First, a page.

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about "=="and "equals" problem,I can't understand clearely?

 
Tu Ran
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When i use the Reference Equality Operators ==
,the explanation is "If the operands of an equality operator are both of either reference type or the null type, then the operation is object equality."
but how can I understand the code :
class why {
public static void main(String[] args) {
String s1=new String("Duke");
String s2=new String("Duke");
if(s1.equals(s2))
System.out.println("s1.equals(s2)");
if(s1==s2)
System.out.println("s1==s2");
else
System.out.println("but s1!=s2");
}
}
the outcome is:
s1.equals(s2) return true;
s1==s2 return false?
//I think ,s1 and s2,pointed the same object:"Duke",in Equality Operators == ,the outcome is false?
[ February 13, 2002: Message edited by: Tu Ran ]
[ February 13, 2002: Message edited by: Tu Ran ]
 
Rob Ross
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String s1=new String("Duke");
String s2=new String("Duke");
You are clearly instantiating TWO new String objects. I can tell because I see the word "new" written twice!!
Each new String object gets assigned to a different reference variable, s1 and s2. So clearly, these are two different objects, won't you agree?

If they are two different objects, they can NEVER be equivalent (ie, the same) so the expression s1==s2 will always be false.
It's like, my name is Rob. And I have a friend named Rob. But we are not the same person/object, are we?
Now, the equals() method of the String class, by definition, compares the internal character sequences stored in the String object. Since both objects are storing the same character sequences (Duke), the expression s1.equals(s2) is true.
It's like back to my friend and I. My name is Rob. His name is Rob. Are our names the same (equals())??
YES!
[ February 13, 2002: Message edited by: Rob Ross ]
 
Tu Ran
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Thanks a lot~~~
I hava understanded what you tell me
"Reference Equality Operators == " and "equals" in
String class,thanks again。
But I want to know how I can get another information in detail about Java'Language,such as
"the equals() method of the String class, by definition, compares the internal character sequences stored in the String object. "
You know I just refer the book of JDKWINHelp
but I think it' so simple about these details;
Where can I get the details about these problem
in java?
 
Rob Ross
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You learn what methods do by reading the JavaDocs for them. JavaDoc is Sun's standard way of documenting all their classes.
You can read it online at:
http://java.sun.com/j2se/1.4/docs/api/index.html
When I look at the JavaDoc for String.equals(), here is the entry:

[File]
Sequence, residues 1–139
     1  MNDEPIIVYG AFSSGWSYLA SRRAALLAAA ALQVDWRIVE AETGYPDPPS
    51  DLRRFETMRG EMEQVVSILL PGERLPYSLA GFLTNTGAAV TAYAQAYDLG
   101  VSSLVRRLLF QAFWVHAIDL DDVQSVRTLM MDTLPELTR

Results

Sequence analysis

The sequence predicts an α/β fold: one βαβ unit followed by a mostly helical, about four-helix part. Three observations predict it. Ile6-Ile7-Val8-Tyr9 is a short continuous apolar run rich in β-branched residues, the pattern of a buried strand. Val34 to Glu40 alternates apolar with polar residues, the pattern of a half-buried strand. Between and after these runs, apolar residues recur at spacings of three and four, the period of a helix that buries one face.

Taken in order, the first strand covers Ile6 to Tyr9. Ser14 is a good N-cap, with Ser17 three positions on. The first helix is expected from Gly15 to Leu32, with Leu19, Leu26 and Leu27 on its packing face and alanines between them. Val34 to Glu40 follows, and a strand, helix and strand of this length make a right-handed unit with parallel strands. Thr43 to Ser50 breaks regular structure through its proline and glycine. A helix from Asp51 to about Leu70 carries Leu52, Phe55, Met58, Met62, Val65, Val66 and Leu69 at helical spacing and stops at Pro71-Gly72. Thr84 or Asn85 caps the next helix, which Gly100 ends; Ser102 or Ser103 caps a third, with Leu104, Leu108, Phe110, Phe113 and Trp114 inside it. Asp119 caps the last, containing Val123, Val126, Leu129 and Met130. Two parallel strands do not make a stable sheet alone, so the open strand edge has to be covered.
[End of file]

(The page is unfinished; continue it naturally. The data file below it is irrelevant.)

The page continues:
equals
public boolean equals(Object anObject)
Compares this string to the specified object. The result is true if and only if the argument is not null and is a String object that represents the same sequence of characters as this object.
 
Rajinder Yadav
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When it comes to objects references, the '==' equal operator works by checking to see if the two references are pointing to the same object.
Objects created on the heap using the new() operator will be unique and have a difference memory address, thus the == operator will compare the address of the referenced object and will always return false as the following code snippet shows.
String s1 = new String("Same");
String s2 = new String("Same");
String s3 = s1;
String sa = "Same";
String sb = "Same";
System.out.println("s1 == s2 : " + (s1 == s2));
System.out.println("s1 == s3 : " + (s1 == s3));
System.out.println("sa == sb : " + (sa == sb));
System.out.println("s1.equals(sb) : " + s1.equals(sb));
output will be:
s1 == s2 : false
s1 == s3 : true
sa == sb : true
s1.equals(sb) : true
The equals() method compares each of the char literals for a match.
One pitfall to watchout for is the StringBuffer class, it also has a equals() methods, but unlike the wrapper classes like String, the equals() method is not overriden. So if,
StringBuffer s1 = new StringBuffer("Same");
StringBuffer s2 = new StringBuffer("Same");
s1.equals(s2) will be false
The answer is false because the StringBuffer.equals() method uses the default class Object method which compares object references!
 
mark stone
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"s1.equals(s2) return true;
s1==s2 return false?"
equals method in class String is overridden. equals method for class String compares the contents of the strings. Try for class StringBuffer ? (tip: for StringBuffer the method equals is NOT overridden). try it out and find out.....
wheras the operator " == " does the actual comparison to find whether the two objects are the same ones. (it is not content comparison here). but try for class StringBuffer. (also try the equals method for other wrapper classes like Long, Double etc)
 
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